It’s complicated to navigate body image in the age of social media. Plus, It’s a little scary. Recently, an unedited photo of Khloe Kardashian went viral. It was a refreshing, candid shot where Khloe looked great. But it was also quite different from the carefully curated, fine tuned photos typically shared by the reality star on social media. Reportedly, the Kardashian’s PR team quickly requested the photo’s removal. An assistant posted it without permission and now it’s nearly wiped clean from the internet. They apparently claimed it was “doctored” and was “in the worst lighting”. READ: it wasn’t edited to be perfect.
As the mother of an almost teenage daughter, I worry about the effects of photoshop, social media and “instagram face” on her body image. It would be great for my daughter to see Khloe Kardashian’s unedited photo! Or for that matter, it would be great for anyone to see what the Kardashians actually look like.
Heavily altered photos and the constant accessibility of social media amplify completely unattainable beauty standards. Edited perfection, created to sell you something. Whether it’s a lifestyle, a line of jeans, or some lip gloss. If only we could own the right clothes, apply the correct makeup, drink the perfect flat-tummy tea. It is, in a word, exhausting.
The fact that a PR team felt the need to disappear Khloe Kardashian’s unedited photo is heartbreaking. The idea that beauty looks only one specific way creates unnecessary pressure and unrealistic ideals. Being perfect is not worth striving for. There is so much more to learn from authenticity and imperfection.
According to a Northwestern University study, after only seven minutes of scrolling Instagram, young women compared their appearance to others more and felt worse about how they look. Another study claims that by age 13, 53% of American girls are “unhappy with their bodies”. By 17 this number increases to 78%. These statistics are staggering, but unsurprising.
As a woman existing in the world, I truly can’t remember a time when I was unaware of how my body looked.
I absorbed every air brushed magazine cover and negative word women in my life made about their own appearance. As the mother of a daughter, I’m trying desperately to do better. I recently fell in love with exercise as a way to manage my anxiety. But I am constantly reiterating that this love affair is intended to make my body stronger, healthier, calmer. But not smaller. I bite my tongue when I want to be self-deprecating about the way my jeans fit. I try not to outwardly beat myself up for an extra scoop of ice cream, instead reinforcing the idea of enjoying everything in moderation. But it’s hard! And the advent of social media and influencers like the Kardashians make it so much harder.
Social media isn’t all bad, though.
There are plenty of influencers, podcasts and accounts that are hard at work providing portrayals of diverse, real beauty, body positivity and other ways to measure self worth.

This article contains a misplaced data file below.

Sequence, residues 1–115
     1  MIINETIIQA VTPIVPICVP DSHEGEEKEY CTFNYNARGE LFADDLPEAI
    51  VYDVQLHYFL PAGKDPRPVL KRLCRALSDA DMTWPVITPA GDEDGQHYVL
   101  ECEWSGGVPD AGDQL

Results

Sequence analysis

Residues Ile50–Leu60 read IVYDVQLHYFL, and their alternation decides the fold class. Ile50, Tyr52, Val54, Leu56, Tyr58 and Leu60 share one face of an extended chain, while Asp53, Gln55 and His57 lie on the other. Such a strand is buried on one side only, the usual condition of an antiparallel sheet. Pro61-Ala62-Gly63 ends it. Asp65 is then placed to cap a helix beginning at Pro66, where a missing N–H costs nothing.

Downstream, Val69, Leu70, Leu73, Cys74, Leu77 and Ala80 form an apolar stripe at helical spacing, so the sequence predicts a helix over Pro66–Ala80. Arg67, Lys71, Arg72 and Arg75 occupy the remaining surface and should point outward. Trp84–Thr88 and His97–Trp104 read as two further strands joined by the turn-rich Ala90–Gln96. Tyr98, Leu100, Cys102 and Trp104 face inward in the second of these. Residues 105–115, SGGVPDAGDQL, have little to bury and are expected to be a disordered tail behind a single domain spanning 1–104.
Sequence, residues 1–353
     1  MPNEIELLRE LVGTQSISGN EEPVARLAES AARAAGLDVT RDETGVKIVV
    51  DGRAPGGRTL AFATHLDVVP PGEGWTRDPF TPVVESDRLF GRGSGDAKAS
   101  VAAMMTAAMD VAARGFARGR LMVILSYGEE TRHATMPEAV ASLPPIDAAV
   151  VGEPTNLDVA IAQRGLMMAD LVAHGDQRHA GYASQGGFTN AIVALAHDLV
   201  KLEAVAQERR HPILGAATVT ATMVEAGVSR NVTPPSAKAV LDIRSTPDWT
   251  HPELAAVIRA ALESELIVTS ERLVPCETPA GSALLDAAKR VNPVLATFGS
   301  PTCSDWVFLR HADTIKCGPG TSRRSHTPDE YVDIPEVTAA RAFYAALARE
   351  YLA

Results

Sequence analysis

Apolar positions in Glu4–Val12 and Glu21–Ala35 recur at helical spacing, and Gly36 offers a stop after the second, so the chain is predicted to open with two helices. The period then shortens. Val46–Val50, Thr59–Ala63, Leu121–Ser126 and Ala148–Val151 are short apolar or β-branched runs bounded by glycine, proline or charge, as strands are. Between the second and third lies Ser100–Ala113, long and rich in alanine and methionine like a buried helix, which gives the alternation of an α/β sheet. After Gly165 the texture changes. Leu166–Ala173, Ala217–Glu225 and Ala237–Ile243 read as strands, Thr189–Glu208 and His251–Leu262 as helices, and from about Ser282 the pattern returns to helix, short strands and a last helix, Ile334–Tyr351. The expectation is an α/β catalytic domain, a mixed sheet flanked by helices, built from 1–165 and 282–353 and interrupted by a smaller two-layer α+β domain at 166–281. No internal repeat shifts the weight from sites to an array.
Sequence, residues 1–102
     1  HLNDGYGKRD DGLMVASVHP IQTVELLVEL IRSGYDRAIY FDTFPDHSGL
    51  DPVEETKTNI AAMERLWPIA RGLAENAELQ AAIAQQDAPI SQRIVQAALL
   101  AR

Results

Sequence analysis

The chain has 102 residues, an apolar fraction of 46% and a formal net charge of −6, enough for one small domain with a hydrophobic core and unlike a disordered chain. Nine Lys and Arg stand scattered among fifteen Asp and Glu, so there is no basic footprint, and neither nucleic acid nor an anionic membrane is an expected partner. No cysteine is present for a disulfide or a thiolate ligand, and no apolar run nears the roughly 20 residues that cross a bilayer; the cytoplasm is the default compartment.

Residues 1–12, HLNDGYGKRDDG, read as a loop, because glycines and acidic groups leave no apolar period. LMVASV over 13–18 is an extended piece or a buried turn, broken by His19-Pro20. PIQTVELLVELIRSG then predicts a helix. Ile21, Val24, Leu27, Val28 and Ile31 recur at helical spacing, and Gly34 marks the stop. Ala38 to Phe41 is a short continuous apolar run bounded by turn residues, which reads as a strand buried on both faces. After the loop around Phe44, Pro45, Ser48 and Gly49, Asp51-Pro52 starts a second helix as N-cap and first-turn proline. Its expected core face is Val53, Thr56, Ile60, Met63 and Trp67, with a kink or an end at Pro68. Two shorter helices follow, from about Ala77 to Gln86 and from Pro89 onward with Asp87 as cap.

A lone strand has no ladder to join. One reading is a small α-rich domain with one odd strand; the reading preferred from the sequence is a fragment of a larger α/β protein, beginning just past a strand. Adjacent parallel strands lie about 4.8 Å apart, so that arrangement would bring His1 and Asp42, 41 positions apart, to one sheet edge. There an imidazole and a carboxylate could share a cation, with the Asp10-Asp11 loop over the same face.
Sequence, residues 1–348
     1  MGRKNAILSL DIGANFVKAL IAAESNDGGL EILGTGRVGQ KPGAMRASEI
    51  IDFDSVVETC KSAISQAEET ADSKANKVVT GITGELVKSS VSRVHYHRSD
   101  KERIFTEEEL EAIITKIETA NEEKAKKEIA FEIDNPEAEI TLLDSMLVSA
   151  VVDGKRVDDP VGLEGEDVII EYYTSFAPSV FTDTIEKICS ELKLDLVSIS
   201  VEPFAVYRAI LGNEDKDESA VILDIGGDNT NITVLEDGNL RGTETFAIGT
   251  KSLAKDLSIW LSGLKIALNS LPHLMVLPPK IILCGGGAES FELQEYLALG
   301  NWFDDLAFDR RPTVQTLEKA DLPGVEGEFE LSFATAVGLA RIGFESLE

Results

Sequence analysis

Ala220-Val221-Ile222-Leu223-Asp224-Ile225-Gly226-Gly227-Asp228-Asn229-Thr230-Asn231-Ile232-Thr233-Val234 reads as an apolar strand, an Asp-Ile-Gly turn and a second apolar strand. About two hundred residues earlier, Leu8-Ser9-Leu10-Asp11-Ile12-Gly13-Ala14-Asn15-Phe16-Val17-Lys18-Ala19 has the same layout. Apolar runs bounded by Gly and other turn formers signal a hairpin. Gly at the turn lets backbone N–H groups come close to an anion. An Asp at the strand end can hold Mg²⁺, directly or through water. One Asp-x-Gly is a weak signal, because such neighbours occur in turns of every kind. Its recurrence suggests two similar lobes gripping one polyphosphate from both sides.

Some of my favorite IG handles:
I also enjoy Maintenance Phase, a podcast that is particularly helpful if you’re working through your own experiences with diet culture and wellness. I would love for my daughter to follow fewer Kardashians and more accounts like @amypoehlersmartgirls and @nasablueberry (the amazing 19 year old trainee astronaut who has her sights set on going to Mars!).
Wiping Khloe Kardashian’s unedited photo from the internet doesn’t just hurt my daughter. It hurts my son, too.
As the mother of a young son, I recognize this isn’t strictly a female problem. As our writer Lindsey beautifully stated in “if the Future is Female, That’s Good for My Son“, the issues facing our daughters matter to our sons as well. Creating a world where women are valued for more than their appearance and are celebrated for their strengths and differences will allow my son to thrive, too. Encouraging authenticity over perfection means that my son also has the space to express himself and be confident. Raising children who understand that beauty isn’t skin deep and that being flawless is impossible has nothing to do with gender.
I want to foster a positive self image for my daughter.
I try to highlight the many physical qualities that make her beautiful. From her wild, enviable curls to her breathtakingly blue eyes, I hope she’ll find her own version of beauty. I hope she will appreciate her body for the amazing things it can do and endure. But more importantly than that, I’d like her to understand that her appearance is only one small part of who she is. It is not the only metric of value. There is beauty to be found in kindness, intelligence, persistence, and the big dreams she has. And I never ever want her to strive for small. Not only in her body, but in her words and actions. She should proudly take up space. And recognize that absolute perfection is a lie. No matter how many social media filters or aspirational celebrities try to convince her otherwise.